Franklin Police arrested Oniell Lopez of Uxbridge in December for violation the controlled substance act. He was arraigned in Wrentham District Court on charges of possessing heroin and cocaine with with the intent to distribute those drugs. The Wrentham Court set bail at $10,000 and Mr. Lopez paid the bail and was released from custody. While awaiting trial on those charges, the Milford Police, the federal Drug Enforcement Agency, and others were monitoring him.
According to the Milford Daily News he was arrested again on Monday in Milford and charged with the essentially same offenses. The article states that he was released on $5,000 cash bail that same day. Apparently his Milford District Court arraignment on the new charges was scheduled for Tuesday.
On that day, the Milford District Court made two decisions regarding his bail. First, the court revoked his prior bail from the Wrentham District Court. Second, the court increased his new bail from $5,000 to $25,000. This scenario illustrates several issues regarding bail in the Massachusetts Criminal Courts.
When a court sets a bail, it is usually accompanied by a "Bail Warning." The warning informs the defendant that if he is arrested or charged with a new crime after being released on bail, his bail may be revoked and he may be held without bail for up to 60 days.The bail warning is read to the defendant at the time the bail is set, and in many instances the defendant is required to sign a document acknowledging understanding of the warning. Apparently, Mr Lopez did this in December when the $10,000 bail was set in the Wrentham Court. When he appeared in the Milford Court, the prosecutor relied upon the prior warning (they usually call the other court and have the documents faxed) and convinced the judge to revoke his Wrentham bail. Hence, you do not need to be brought back to the original court to have your bail revoked. Any criminal court in the state is able to do it.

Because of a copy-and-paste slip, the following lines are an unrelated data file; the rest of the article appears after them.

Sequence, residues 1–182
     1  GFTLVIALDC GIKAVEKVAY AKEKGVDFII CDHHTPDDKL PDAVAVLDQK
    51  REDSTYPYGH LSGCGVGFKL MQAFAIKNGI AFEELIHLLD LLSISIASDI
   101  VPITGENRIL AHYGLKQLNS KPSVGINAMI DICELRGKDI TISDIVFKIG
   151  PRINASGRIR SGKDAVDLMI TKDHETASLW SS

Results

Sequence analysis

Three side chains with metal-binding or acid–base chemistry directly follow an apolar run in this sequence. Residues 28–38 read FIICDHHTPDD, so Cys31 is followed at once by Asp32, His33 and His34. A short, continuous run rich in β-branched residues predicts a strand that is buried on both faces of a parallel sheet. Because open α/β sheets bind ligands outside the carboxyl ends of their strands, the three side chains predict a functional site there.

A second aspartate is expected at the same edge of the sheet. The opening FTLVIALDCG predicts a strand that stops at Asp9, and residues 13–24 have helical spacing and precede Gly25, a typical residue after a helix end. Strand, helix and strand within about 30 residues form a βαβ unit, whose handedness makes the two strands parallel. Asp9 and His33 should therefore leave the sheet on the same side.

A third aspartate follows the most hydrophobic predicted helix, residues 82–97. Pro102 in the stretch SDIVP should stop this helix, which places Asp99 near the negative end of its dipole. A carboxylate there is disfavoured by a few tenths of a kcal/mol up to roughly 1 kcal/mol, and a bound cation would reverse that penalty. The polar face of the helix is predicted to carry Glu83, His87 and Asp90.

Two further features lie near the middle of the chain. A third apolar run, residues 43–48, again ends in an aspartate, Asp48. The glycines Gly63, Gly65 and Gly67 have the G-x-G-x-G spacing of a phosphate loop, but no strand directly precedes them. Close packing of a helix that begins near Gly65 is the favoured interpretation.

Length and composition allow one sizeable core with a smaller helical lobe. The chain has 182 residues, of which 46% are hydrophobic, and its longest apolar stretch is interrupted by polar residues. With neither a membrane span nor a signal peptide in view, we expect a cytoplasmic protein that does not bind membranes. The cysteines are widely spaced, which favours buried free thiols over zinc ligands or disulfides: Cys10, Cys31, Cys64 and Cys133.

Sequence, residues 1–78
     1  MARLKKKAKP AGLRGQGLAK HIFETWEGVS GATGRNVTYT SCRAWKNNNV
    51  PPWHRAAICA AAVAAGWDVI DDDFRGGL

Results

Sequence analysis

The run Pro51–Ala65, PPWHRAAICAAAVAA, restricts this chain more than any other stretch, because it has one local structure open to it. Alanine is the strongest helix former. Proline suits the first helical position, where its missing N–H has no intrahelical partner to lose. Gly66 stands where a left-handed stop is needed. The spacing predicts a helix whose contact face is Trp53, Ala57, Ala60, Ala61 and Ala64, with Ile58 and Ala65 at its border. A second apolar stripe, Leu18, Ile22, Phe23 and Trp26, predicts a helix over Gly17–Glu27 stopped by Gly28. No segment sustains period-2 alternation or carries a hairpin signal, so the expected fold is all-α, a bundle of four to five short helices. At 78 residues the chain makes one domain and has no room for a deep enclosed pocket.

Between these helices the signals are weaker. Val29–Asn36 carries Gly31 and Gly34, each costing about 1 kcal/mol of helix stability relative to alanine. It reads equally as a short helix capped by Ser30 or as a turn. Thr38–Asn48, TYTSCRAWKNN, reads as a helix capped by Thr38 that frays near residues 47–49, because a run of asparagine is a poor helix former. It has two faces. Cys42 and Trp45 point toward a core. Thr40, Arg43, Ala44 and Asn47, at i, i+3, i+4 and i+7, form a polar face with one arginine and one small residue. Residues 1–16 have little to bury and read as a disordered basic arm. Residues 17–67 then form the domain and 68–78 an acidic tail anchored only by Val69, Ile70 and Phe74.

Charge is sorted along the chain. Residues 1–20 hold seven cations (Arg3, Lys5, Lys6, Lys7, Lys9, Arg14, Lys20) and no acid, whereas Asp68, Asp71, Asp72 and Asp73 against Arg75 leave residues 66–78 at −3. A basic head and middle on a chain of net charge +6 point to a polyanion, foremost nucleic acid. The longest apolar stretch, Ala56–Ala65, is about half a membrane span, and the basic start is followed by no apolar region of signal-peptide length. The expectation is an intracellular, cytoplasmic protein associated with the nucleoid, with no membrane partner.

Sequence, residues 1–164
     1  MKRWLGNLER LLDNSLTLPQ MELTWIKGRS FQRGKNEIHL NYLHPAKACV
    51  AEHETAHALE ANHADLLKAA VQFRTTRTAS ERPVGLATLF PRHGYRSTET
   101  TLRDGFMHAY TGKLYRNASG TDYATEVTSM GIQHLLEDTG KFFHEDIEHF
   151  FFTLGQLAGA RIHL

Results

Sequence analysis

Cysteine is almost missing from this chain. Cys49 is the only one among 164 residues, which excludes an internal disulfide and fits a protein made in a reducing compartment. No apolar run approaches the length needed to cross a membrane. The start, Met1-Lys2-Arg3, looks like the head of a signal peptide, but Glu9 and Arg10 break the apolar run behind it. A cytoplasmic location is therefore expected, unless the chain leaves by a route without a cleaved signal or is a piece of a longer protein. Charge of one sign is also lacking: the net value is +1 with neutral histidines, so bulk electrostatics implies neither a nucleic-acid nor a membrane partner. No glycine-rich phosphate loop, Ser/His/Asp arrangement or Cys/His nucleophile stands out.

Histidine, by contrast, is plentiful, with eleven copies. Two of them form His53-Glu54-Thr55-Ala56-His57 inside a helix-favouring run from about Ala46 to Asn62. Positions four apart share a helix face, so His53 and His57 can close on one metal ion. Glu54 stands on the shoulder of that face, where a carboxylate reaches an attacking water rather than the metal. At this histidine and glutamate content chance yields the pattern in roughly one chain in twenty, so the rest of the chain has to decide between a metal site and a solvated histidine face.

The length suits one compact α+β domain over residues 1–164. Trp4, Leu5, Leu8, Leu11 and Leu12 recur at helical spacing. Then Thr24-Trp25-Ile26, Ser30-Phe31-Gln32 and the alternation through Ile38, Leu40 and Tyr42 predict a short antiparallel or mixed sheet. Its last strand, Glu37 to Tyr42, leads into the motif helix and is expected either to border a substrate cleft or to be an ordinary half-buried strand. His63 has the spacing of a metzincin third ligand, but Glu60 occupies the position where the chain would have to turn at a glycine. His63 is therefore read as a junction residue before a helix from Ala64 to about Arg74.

Mr. Lopez did not lose the $10,000 he posted in connection with the Wrentham case. (Nor did he lose the $5,000 he originally posted for the Milford case). That would only happen if he failed to appear for a scheduled court appearance date after paying the bail. In fact, he probably appeared several time in the Wrentham Court between December and now. When Milford revoked the Wrentham bail, he was taken into custody, but the bail remains on account. After 60 days in custody, the Wrentham bail will revert to the original $10,000. But, he will only be able to get out if he posts another $25,000 on the new charge.
It is interesting to note that Lopez posted $5,000 on Monday after his arrest. That was done at the police station or at the jail. Hence, he walks out, and returns to Milford Court a day or two latter only to have that bail increased by $20,000 and his other bail revoked completely. The article makes it fairly clear he did not consult with an attorney until the morning of his arraignment. When one appears in court in that fashion bad things can happen fairly quickly. The lawyer who represented him may have been a very good one, but he or she had limited time to prepare and explain all this to Mr. Lopez.
The article mentions that "Lopez can appeal his bail to the Worcester Superior Court." This is an important right because it gives a person who is unable to pay a bail an opportunity to do more thorough preparation for a hearing that may result in the loss of his liberty. Unfortunately for Mr. Lopez the appeal will only involve the newly established $25,000 bail. He may not challenge the revocation of the $10,000 with his bail appeal.